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New Strains of Society: Hidden, Dynamic and Emergent Vulnerabilities

Our world keeps getting smaller. Technologies and infrastructures are increasingly intertwined; nations have become interconnected by transportation, communication and economy. In this world, our society is put under tremendous strain: New forms of crime, new system dependencies and new vulnerabilities. These threats produce new patterns of risk and vulnerability. How can we face such strains?

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The traditions of safety management and risk assessment are firmly rested on notions of control and responsibility. Risk must be identified and translated into controllable parameters, and someone must own the problem. What if the threats have no borders? What if no one owns them?

Our attention is directed towards hidden, dynamic and emergent vulnerabilities, i.e. vulnerabilities that may be ignored, forgotten, never thought of, impossible to identify, misperceived or underestimated. Our objective is to develop an analytical framework to understand, identify and handle such new societal strains.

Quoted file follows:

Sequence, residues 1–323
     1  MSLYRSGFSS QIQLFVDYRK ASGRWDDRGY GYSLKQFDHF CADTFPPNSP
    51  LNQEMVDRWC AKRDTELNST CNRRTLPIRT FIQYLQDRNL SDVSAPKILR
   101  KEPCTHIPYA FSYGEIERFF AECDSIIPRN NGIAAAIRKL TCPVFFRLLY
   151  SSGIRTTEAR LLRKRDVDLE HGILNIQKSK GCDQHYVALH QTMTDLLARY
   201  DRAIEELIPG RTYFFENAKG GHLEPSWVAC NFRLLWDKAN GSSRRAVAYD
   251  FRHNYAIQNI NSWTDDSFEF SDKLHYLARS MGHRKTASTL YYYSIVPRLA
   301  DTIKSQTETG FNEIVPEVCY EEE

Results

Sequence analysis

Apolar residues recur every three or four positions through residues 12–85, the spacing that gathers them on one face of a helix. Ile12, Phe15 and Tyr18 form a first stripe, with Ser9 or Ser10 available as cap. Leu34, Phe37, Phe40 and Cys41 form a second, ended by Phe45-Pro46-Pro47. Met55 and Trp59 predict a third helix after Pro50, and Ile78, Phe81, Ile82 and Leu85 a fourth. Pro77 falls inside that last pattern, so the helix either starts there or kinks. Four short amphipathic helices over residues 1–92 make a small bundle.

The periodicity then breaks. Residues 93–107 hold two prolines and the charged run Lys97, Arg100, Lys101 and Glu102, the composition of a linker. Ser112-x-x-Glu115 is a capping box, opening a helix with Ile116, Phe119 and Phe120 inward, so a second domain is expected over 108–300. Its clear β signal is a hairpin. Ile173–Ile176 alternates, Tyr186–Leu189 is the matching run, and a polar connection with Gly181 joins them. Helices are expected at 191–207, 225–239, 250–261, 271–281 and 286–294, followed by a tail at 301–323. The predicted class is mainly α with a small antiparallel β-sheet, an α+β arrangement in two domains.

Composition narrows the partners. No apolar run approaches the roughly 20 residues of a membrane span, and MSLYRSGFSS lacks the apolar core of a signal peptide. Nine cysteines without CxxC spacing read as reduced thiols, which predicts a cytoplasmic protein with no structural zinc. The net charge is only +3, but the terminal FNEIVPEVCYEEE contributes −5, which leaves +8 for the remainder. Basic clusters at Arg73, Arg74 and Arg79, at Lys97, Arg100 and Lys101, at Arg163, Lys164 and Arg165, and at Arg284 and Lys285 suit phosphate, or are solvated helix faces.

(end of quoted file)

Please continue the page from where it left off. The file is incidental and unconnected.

This involves acknowledging that current risk approaches and methods may fall short. New strains demands new thinking and new approaches towards risk and vulnerability. Attention is turned towards the bigger pictures of complex landscapes involving several systems that potentially act to generate, transfer and relocate risk. We refer to these bigger pictures as "threat landscapes" - landscapes involving several systems in interplay. In effect, we are confronted with the potential of several scenarios leaking into each other, with various potentials of transfer and escalation.

The project sets out to stresstest how society can accommodate new strains and vulnerabilities. We also direct the stresstest towards ourselves by asking demanding questions: How are current risk assessment methods and approaches able to address the new strains of society? Can current methods and approaches ever hope to accommodate the new strains? Where are the frontiers and limits of our methods?

This project is part of The Research Council of Norway's programme on social security; SAMRISK

Key Factors

Project duration

01/09/2014 - 31/12/2017